Other papers (not very exhaustive--I have a lot more paper on my HD) dealing with the mixed-effects approach are listed in the bibliography section.

The *de facto* standard software has long been the Mx software developed by Michael Neale, and the Mx scripts Library holds a lot of example datasets and ready-to-run scripts. Now, the Mx software has been ported to R under the OpenMx project. I don't really like the syntax although it offers two types of model formulation: raw matrices and path specification (as I understand it, the matrix notation was kept for those already familiar with `Mx`

, but maybe some models cannot be expressed using path diagrams).

Some implementations are also available in Mplus^{(2,3)}, SAS^{(4,5)}, or BUGS^{(6)}. I don't use SAS so I cannot go through extensive review of available code. However, I should mention that I once brought one of their book

Saxton, A.M. (ed.) 2004.

Genetic Analyses of Complex Traits Using SAS. Carry, NC: SAS Institute Inc.

which has a lot of examples with `PROC MIXED`

.

Stata 12 comes with a module for structural equation modeling (`sem`

), but I hadn't find enough time to play with it and see how it compares to existing R packages (sem, lavaan or OpenMx). The UCLA server already has some good illusrations of what's available in the new version, see Problem Solving in Stata 12. But, there are also some good examples of the use of the `sem`

module here: http://sites.google.com/site/ifarwf/home/stata-12-sem-package. About the mixed-effects model approach, there is also an interesting post on Stata blog.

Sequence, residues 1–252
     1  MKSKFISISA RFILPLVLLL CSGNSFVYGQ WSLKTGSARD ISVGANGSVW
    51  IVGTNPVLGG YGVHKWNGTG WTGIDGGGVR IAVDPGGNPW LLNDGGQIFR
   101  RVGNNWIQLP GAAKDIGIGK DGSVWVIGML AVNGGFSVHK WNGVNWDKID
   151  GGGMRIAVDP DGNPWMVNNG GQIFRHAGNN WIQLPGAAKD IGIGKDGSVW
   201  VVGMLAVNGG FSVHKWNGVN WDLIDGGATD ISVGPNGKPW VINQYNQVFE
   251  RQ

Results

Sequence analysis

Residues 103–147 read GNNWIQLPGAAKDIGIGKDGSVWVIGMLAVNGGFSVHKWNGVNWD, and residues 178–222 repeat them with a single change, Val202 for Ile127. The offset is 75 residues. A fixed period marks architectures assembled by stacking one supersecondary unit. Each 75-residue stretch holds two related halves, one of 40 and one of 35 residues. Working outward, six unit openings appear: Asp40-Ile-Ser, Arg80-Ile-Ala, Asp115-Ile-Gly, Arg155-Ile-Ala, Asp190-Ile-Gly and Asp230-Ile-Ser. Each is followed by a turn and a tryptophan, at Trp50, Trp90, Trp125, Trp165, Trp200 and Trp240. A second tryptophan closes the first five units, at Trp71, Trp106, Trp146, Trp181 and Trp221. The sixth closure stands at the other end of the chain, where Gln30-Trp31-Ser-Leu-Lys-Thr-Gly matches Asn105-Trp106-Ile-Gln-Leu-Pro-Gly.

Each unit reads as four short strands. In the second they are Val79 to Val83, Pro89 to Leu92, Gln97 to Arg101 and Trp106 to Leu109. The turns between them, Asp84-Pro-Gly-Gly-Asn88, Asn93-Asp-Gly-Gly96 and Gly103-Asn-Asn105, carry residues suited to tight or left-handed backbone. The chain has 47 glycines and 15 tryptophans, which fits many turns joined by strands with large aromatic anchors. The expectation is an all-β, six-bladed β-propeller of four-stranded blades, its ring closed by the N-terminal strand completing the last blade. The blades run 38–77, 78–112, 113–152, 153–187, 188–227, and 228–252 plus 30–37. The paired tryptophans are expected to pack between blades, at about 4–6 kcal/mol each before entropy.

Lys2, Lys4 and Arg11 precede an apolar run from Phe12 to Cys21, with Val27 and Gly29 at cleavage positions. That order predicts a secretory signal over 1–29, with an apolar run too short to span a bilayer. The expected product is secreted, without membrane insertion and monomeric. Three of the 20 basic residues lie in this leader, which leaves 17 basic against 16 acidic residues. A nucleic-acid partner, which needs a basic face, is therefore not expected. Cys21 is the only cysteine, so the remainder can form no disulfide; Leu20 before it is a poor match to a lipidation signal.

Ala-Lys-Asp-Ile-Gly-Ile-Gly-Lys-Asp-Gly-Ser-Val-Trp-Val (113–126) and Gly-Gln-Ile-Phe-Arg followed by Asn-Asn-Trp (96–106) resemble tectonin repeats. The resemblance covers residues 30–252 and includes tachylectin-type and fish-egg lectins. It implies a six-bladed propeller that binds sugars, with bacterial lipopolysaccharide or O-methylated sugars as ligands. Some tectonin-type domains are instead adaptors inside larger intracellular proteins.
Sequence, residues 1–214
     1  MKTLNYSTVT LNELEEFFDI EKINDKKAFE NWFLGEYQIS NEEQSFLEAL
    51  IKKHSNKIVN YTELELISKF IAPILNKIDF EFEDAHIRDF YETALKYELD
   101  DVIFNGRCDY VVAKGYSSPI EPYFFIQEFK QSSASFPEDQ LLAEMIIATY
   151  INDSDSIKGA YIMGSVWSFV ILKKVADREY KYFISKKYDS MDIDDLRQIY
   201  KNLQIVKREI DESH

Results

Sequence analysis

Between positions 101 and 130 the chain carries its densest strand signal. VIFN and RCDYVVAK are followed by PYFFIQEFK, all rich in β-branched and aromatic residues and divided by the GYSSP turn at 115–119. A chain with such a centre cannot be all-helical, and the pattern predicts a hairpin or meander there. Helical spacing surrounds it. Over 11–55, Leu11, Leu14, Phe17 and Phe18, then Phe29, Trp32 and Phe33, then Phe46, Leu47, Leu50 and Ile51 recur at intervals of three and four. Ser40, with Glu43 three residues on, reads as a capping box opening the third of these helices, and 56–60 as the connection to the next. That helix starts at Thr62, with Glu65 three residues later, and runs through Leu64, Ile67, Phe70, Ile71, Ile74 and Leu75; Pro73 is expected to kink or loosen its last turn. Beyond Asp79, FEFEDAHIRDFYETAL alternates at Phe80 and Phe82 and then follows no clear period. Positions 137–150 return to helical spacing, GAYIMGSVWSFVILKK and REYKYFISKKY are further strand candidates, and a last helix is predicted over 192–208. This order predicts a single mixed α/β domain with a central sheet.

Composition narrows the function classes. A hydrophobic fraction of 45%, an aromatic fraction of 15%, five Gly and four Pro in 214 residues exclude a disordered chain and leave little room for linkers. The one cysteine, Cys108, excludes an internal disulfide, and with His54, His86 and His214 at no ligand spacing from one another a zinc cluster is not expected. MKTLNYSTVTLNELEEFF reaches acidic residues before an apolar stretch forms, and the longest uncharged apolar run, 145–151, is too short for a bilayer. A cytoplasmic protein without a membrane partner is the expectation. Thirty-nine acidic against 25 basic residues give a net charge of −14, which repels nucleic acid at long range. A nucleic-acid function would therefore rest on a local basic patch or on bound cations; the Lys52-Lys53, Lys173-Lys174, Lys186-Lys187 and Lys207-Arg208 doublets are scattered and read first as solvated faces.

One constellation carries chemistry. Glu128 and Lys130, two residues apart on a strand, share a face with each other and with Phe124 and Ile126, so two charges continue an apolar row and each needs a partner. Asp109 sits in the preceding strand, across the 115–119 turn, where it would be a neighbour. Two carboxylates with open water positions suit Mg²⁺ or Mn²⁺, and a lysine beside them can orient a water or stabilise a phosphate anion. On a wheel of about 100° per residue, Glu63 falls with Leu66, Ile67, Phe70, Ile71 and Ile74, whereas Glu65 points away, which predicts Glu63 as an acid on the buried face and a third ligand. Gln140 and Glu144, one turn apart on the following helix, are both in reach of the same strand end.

I personally had the opportunity to test OpenMx against Mplus on a small dataset coming from a neuroimaging study.

Wright, I.C., Sham, P., Murray, R.M., Weinberger, D.R., and Bullmore, E.T. (2002). Genetic Contributions to Regional Variability in Human Brain Structure: Methods and Preliminary Results.

NeuroImage, 17: 256-271.

The article describes an univariate ACE model and a bivariate ACE model (using Cholesky decomposition) on brain and ventricles volumes. The results I got are summarized below.

```
Univariate/Brain
----------------
A C E
Wright 0.66 0.22 0.12
OpenMx 0.753 0.199 0.048
Mx 0.620 0.331 0.048
Mplus 0.753 0.199 0.048
Bivariate/*1=Brain + *2=Ventricle
---------------------------------
A1/A2 C1/C2 E1/E2
Wright 0.67/0.03 0.20/0.46 0.11/0.49 (sum sf + cf)
OpenMx 0.779/0.000 0.176/0.537 0.046/0.463
Mx 0.657/0.021 0.299/0.591 0.045/0.388
```

(Unless I made some mistake, OpenMx and Mx yielded different results, although for univariate ACE model OpenMx and Mplus outputs were identical.)

## References

- Rabe-Hesketh, S., Skrondal, A., and Gjessing, H.K. (2008). Biometrical modeling of twin and family data using standard mixed model software.
*Biometrics*, 64(1): 280-288. - Muthén B., Asparouhov T., and Rebollo I. (2006). Advances in behavioral genetics modeling using Mplus: Applications of factor mixture modeling to twin data.
*Twin Research and Human Genetics*, 9(3): 313-24. - Prescott 2004 Using the Mplus Computer Program to Estimate Models for Continuous and Categorical Data from Twins.
*Behavior Genetics*, 34(1): 17-40. - Zheng, M. (2009). A Biometric Analysis of Twin Data Using PROC MIXED. WUSS Conference.
- Feng, R., Zhou, G., Zhang, M., and Zhang, H. (2009). Analysis of twin data using sas.
*Biometrics*, 65(2): 584–589. - van den Berg, S., Beem, L., and Boomsma, D.I. (2006). Fitting genetic models using Markov Chain Monte Carlo algorithms with BUGS.
*Twin Research and Human Genetics*, 9(3): 334–342. - McArdle, J. and Prescott, C.A. (2005). Mixed-effects variance components models for biometric family analyses.
*Behavior Genetics*, 35(5): 631-652. - McArdle J. (2006). Latent curve analyses of longitudinal twin data using a mixed-effects biometric approach.
*Twin Research and Human Genetics*, 9(3): 343-359. - Ozaki, K. (2008). Twin Analysis on Paired Comparison Data.
*Behavior Genetics*, 38(2): 212-222.